You bought your lens. Now what?
Just like spectacle lenses, camera lenses are fragile and subject to scratches, dents, cracks and other kind of damages.
When buying your lens make sure you also buy a protective filter for it to serve as a shield. This filter will protect the lens against unpleasant experiences, thereby saving you a substantial repair bill, or worse – irreversible damage.
More than just protection.
Filters also help enhance images and give different effects to your final result. There are a number of different filters, the most popular being:
- Polarising filter
Helps you increase colour saturation and reduces glare.
- Neutral density (ND) filter
Allows you to reduce your shutter speed much more effectively than the ambient light levels ordinarily allow.
- Colour filter
You can use this to either cool down or warm up the colour temperature your photos.
In addition, a lens hood will also aid in protecting the lens
- Physical bumps to the lens can be avoided since the hood also serves as protection
- The lens hood can also be helpful in the case of accidents. We have had cases where the lens has been dropped, landed on the hood and the damage minimised.
A lens hood also helps reduce glare and improves the image by blocking strong sunlight.
A few final tips
- Never, ever leave your lenses without the lens front and rear caps on.
- Always have the lens cap on (when not in use of course!)
- Keep your lenses separate when they are in your camera bag. Use the dividers provided, or a lens bag.
- A small microfibre cloth is the perfect little thing to clean your lens (from the outside!). Leave any other cleaning to the pros!
My image is hazy! How can I fix it?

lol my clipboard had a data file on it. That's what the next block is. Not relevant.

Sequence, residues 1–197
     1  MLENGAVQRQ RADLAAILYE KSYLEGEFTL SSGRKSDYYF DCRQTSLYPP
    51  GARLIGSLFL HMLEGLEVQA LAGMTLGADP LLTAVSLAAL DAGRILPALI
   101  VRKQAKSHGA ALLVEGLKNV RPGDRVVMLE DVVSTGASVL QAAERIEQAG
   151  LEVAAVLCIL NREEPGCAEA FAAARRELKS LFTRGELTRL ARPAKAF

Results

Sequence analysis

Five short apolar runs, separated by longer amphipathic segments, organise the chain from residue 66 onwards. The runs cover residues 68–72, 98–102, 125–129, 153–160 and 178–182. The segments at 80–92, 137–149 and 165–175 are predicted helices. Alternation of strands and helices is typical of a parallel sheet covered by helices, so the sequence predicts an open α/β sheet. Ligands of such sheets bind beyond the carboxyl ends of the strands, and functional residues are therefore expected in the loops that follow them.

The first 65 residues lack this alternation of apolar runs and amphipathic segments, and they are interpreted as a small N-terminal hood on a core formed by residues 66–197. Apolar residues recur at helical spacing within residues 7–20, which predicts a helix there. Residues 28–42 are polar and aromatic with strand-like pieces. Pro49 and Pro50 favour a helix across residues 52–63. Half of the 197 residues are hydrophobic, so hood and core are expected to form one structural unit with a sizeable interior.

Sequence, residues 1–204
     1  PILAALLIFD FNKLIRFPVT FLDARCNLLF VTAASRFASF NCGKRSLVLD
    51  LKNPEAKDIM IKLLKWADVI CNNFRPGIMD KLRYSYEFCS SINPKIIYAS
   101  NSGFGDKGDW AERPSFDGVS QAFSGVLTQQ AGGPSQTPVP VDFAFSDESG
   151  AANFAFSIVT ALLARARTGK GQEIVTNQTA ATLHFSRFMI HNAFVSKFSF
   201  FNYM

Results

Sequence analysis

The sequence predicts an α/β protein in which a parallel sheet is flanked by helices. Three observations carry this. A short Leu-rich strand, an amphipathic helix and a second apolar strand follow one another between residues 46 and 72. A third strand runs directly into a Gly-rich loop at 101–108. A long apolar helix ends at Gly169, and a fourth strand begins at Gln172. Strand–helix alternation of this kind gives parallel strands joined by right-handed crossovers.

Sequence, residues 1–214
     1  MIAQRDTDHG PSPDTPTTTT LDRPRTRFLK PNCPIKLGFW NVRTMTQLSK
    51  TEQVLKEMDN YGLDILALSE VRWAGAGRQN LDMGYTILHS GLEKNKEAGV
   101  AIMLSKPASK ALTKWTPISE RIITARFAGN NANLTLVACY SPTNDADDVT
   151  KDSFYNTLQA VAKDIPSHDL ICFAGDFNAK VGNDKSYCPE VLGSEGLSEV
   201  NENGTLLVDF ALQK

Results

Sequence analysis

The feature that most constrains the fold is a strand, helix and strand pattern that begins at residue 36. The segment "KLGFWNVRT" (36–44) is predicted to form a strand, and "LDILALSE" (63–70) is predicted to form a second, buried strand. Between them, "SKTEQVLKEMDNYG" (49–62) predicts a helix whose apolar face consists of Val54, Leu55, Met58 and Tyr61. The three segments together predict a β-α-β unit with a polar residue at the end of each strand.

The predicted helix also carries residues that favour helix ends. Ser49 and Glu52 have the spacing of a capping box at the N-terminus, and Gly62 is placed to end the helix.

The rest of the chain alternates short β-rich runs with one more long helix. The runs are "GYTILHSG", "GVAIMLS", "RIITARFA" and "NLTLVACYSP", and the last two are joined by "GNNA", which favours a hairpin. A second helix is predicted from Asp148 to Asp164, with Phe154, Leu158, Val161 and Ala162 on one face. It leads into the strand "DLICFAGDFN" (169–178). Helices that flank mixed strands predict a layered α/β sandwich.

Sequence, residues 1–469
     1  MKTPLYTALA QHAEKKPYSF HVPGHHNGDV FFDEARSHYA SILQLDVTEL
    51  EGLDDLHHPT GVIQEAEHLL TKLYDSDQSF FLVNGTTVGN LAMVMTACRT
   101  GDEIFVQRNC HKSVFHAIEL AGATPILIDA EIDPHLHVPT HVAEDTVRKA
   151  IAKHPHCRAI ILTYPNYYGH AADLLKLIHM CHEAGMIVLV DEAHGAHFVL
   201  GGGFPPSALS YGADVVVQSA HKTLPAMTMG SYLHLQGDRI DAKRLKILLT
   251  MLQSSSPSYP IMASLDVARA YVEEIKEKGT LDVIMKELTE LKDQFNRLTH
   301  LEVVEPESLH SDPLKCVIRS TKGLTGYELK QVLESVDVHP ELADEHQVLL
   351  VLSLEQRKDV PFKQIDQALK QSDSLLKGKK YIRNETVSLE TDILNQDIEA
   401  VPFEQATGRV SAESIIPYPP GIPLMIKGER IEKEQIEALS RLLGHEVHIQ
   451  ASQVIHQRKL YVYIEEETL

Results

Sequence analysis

Another concern which some photographers have is lens condensation. But fret not as this can easily be controlled and even reversed. Condensation normally hits the lens and viewfinder when there is a dramatic change in temperature or humidity.
Let’s take a simple example. Say you are in your hotel room during a vacation. The temperature inside the room is kept cool thanks to the room’s airconditioning. You then go out in the street and the temperature and humidity levels change drastically to those in your hotel room. This will cause instant condensation and your lens and viewfinder are prone to producing a hazy image.
Follow these steps to sort out this issue, or better yet, avoid it completely.
- Allow your camera to naturally get used to the hotter environment.
- Let the equipment sit in the humid temperature for a while until condensation disappears.
- If you do not manage to get rid of all the condensation, try wiping away the remaining moisture with a soft cloth.
- Never place your equipment inside a closed plastic bag when transporting it between different temperatures. This will cause more condensation.